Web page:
Philippine Supreme Court Jurisprudence


Philippine Supreme Court Jurisprudence > Year 1977 > July 1977 Decisions > G.R. No. L-41555 July 27, 1977 - INDUSTRIAL FINANCE CORPORATION v. CASTOR TOBIAS:




PHILIPPINE SUPREME COURT DECISIONS

FIRST DIVISION

[G.R. No. L-41555. July 27, 1977.]

INDUSTRIAL FINANCE CORPORATION, Petitioner, v. CASTOR TOBIAS, Respondent.

Santos S. Carlos for Petitioner.

Amando J. Garcia for Respondent.


D E C I S I O N


MARTIN, J.:


This is a petition for review of the decision of the Court of Appeals * in CA-G.R. No. 53916, entitled "Industrial Finance Corporation v. Castor Tobias", affirming that of the Court of First Instance of Manila with a slight modification.

On June 16, 1968, respondent Castor Tobias bought on installment one (1) Dodge truck from Leelin Motors, Inc. To answer for his obligation he executed a promissory note in favor of the latter, for the sum of P29.070.28 payable in thirty-six (36) equal installments with interest at the rate of 12% per annum payable in the amounts and dates indicated in said promissory noted. 1 To secure payment of the promissory note, respondent Tobias executed in favor of Leelin Motors, Inc. a chattel mortgage on the Dodge truck.chanrobles virtualawlibrary chanrobles.com:chanrobles.com.ph

On June 19, 1969, Leelin Motors, Inc. indorsed the promissory note and assigned the chattel mortgage to petitioner Industrial Finance Corporation. As a consequence respondent Tobias paid six (6) installments on the promissory note directly to the petitioner Industrial Finance Corporation the last of which was made on February 19, 1970. 2

On May 14, 1970, the petitioner’s counsel wrote to respondent Tobias the following letter:jgc:chanrobles.com.ph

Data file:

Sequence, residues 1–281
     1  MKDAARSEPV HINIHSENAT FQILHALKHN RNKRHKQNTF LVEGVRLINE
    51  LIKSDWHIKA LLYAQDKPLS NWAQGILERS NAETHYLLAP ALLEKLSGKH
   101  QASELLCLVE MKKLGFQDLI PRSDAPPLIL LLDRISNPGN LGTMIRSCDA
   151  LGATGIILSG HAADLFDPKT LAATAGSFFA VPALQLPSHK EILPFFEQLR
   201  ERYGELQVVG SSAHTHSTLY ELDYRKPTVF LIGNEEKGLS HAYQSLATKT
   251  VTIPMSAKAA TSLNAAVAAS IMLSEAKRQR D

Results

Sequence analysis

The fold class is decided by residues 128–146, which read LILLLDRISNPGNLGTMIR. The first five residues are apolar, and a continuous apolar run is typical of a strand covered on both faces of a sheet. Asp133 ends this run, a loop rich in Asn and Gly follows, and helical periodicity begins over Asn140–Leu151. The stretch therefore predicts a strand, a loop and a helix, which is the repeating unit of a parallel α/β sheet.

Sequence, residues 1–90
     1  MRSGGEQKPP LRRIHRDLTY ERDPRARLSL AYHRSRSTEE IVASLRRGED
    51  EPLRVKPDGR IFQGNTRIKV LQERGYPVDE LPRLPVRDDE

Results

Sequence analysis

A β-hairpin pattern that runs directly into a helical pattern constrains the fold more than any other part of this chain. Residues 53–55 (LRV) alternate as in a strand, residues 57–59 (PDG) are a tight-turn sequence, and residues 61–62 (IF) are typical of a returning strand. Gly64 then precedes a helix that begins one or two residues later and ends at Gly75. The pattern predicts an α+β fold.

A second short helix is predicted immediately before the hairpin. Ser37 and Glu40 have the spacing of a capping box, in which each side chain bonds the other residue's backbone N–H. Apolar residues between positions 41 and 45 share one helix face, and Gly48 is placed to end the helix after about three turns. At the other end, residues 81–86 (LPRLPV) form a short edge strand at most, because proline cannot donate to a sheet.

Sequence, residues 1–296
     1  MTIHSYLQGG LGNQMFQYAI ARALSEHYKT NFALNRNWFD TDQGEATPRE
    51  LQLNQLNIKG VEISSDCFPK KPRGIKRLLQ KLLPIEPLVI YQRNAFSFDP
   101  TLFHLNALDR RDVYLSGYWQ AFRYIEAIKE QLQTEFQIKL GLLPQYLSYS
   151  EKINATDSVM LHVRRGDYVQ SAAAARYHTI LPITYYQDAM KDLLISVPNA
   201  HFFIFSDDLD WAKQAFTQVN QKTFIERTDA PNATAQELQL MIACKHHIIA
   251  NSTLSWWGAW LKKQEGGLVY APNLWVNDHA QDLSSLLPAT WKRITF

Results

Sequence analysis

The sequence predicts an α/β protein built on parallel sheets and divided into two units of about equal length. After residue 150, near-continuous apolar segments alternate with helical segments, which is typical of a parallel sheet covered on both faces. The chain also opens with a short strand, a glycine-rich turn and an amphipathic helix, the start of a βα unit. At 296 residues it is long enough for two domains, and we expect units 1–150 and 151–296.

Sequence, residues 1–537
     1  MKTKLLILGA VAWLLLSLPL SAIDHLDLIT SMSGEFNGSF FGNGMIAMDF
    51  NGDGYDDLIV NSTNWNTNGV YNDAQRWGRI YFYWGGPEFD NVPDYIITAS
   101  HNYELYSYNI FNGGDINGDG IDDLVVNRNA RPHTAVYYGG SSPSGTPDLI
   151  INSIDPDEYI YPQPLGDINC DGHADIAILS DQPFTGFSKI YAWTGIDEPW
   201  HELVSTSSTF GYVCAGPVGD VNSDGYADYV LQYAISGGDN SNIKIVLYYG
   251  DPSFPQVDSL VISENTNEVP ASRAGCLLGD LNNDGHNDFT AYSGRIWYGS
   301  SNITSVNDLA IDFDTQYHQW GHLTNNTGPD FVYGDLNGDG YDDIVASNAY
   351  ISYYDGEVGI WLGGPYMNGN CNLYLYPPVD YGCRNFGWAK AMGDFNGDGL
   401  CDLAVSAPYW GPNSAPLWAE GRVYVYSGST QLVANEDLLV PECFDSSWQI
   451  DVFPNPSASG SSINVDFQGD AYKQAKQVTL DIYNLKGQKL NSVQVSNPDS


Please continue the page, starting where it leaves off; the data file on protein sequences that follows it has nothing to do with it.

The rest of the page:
"x       x       x

Dear Mr. Tobias:chanrob1es virtual 1aw library

My client, the INDUSTRIAL FINANCE CORPORATION, has referred to me for appropriate legal action your account with it (LCI-690) which is in arrears in the amount of P4,254.65 and a balance of P25,249.65 as of May 16,1970. In view of your default in the payment of your installments due pursuant to the Promissory Note and Chattel Mortgage you executed in favor of Leelin Motors, Inc. and assigned to Industrial Finance Corporation, demand is hereby made upon you to pay the amount of P25,249.65 on or before May 24, 1970 or to surrender within the same period the following described personality:chanrob1es virtual 1aw library

One (1) Unit 1969 Motor Vehicle Dodge

D-600 FFC 197 "WB"

Engine No. CPC-4007

Serial No. 1589070794

otherwise, the corresponding action will be filed against you plus damages and attorney’s fees.

Please consider this a final demand.

Very truly yours,

C.R. SANCHEZ LAW OFFICE.

SGD. CATALINO R. SANCHEZ." 3

At the time the foregoing letter was written, respondent Tobias was in arrear in the payment of more than two (2) installments. 4

On May 27, 1970, respondent Tobias wrote petitioner’s counsel the following letter:jgc:chanrobles.com.ph

"Dear Sir:chanrob1es virtual 1aw library

This is in response to your letter of demand dated May 14, 1970 asking me to surrender Dodge Truck with engine no. CPC-4007 Serial No. 1589070794. I am now voluntarily and willingly surrendering said truck due to the ff. reasons:chanrob1es virtual 1aw library

1. That said truck has been with Leelin Motors ever since the later part of February when it met an accident.

2. That there is too much delay in the repair of said truck because until now the truck is not yet completely finished.

3. That upon seeing said truck, I am not satisfied with the repair of the finished portions.

I am now giving full authority to your client Industrial Finance Corporation to get said truck at Leelin Motors, Inc.

I am hoping that due to the ff. good reasons my name will not be blacklisted in your credit division.

Very truly yours,

Castor Tobias" 5

Upon learning that the truck met an accident, petitioner decided not to get the truck anymore from Leelin Motors, Inc.